On the other hand, we fear to miss opportunities and this causes us to get into a market too early. We usually get too impatient to wait for opportunities and to let them present themselves to us. We start searching for them and pick out the wrong trades. Do not go out seeking for opportunities. They will arise and be clear. Just be patient waiting.
Greed – staying in the market for too long
You will have to take profits at some point. Unless you are a Warren Buffet type of investor you will have to close your position and if you manage to enter a market of your choice at the right time you have to watch for signals to exit at the right time too. In my trading career I have had a dozen situations where I had very good profit, but I wanted to have even more and I waited till market reversed and came back to where I initially entered it and in some cases I would even close a position with loss. That is wanting too much too fast.
What is the cure for that? You will never be able to rightly guess the exact top or bottom. You will not know when the market reverses. You simply have to make your profits larger than losses. So, when you see that your profit is bigger than your initial stop you start moving your stop loss order closer to current price. At some point market will move against you and close your order. But…it will be in the profit zone! So, do not try to make all possible money at once.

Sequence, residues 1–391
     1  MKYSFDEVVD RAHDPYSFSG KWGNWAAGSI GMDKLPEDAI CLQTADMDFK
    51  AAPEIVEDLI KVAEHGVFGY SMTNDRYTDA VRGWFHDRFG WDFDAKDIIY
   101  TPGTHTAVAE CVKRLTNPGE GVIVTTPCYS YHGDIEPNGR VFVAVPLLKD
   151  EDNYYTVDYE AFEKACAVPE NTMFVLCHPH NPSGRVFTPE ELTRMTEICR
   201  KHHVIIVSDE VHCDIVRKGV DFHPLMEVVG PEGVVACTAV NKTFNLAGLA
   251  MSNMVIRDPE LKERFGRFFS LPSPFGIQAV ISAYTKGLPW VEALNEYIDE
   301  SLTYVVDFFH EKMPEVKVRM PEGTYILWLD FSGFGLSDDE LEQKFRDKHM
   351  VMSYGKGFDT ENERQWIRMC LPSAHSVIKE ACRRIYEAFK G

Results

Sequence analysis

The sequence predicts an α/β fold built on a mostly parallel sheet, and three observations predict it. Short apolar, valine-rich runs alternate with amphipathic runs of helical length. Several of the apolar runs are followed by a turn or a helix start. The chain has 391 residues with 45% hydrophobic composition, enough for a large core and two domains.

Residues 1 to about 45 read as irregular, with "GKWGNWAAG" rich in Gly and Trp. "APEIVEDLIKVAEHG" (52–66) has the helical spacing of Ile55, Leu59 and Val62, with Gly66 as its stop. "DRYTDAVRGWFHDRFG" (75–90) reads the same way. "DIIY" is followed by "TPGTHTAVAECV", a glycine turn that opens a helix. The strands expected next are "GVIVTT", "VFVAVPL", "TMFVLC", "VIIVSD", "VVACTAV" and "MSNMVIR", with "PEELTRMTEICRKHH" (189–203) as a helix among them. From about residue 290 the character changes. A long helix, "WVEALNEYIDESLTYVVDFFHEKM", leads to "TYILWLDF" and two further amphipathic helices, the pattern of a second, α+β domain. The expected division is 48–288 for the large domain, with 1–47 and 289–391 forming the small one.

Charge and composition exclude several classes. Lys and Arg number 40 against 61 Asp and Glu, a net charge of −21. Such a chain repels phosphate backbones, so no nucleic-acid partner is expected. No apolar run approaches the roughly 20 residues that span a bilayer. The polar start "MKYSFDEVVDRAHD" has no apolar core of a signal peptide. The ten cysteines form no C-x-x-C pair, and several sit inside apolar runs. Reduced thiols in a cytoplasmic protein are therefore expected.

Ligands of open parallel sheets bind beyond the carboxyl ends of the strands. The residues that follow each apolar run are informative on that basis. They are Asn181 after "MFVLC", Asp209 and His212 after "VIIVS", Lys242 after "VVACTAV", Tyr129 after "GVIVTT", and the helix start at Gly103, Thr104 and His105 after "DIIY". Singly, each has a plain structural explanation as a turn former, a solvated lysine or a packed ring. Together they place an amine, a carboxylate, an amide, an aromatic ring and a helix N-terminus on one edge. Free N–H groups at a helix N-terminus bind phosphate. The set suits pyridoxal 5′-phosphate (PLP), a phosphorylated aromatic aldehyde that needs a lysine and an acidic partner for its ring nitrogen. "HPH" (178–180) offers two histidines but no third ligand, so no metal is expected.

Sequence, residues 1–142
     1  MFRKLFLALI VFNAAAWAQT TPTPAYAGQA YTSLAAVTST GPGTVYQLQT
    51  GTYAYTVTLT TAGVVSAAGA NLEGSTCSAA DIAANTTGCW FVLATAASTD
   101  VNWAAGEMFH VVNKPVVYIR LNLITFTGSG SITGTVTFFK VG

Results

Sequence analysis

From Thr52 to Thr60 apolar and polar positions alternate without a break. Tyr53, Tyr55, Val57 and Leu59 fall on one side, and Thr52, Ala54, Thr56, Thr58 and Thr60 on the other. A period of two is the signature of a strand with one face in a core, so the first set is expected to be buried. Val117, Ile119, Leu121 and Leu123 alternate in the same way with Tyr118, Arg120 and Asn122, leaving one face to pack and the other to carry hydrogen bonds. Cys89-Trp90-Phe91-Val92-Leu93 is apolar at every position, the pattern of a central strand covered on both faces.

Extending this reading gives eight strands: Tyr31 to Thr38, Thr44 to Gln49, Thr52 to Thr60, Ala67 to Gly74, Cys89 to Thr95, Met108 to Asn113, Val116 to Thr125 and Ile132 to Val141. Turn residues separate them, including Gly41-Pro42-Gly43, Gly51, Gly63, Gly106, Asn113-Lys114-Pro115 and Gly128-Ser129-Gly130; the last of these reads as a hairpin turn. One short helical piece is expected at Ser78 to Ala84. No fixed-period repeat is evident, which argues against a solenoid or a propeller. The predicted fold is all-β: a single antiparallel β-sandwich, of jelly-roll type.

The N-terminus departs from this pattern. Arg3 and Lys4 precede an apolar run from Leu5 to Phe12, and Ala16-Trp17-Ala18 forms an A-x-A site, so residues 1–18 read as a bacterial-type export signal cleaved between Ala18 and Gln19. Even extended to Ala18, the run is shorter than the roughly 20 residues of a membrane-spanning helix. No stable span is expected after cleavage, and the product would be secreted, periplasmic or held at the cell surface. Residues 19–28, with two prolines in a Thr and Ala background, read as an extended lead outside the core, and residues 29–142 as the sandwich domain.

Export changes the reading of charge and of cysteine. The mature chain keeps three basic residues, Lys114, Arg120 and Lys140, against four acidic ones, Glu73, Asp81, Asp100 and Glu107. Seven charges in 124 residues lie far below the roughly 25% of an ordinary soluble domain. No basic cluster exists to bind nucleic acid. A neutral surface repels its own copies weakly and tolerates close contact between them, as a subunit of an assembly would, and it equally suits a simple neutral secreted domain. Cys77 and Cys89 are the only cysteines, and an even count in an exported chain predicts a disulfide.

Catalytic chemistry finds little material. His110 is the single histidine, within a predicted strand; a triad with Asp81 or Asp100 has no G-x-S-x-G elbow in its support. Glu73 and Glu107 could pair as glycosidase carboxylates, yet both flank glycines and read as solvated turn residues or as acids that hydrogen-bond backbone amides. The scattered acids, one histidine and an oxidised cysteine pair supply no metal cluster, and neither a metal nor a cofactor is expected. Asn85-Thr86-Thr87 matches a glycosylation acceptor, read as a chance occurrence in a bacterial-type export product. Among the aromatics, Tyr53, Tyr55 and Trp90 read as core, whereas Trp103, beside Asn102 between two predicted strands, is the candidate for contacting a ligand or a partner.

Thrill based trading is nothing else than gambling
The biggest majority have the same attitude to trading they have to gambling in casinos. They have neither strategy, nor money management rules. They expect to win the same way they expect to win in the game of roulette. No wonder they lose the same way gamblers do at the casinos.
Stop chasing thrills and start following logic that is based on serious analysis, pattern and tendency recognition and development of personal character features such as patience and self control. This will take you out of the gambling league.
Trying to recoup losses will increase your losses
This works not only in trading but in many other areas of life. A sportsman having made a mistake will try to repair it at once and he will usually make another one in the process. This is not the way losses have to be handled.
You have to admit to yourself that you have made a mistake. This does not mean blaming yourself for that. Just admitting! Take some time off and do not trade. Rethink your positions and mistakes and see how you could have traded differently. If you followed your system and it was simply bad luck, go on doing what you know you have to do. If not, tell yourself you will do better next time and be more attentive in the areas where you are the weakest. If it is overtrading, watch your emotions and avoid giving in to thrills of trading. If it’s impatience tell yourself that you are here for doing business, not for entertainment and gambling. When you open your charts you can tell yourself that you do not have to trade today, but you have to wait for opportunities. This may help. It helps to me!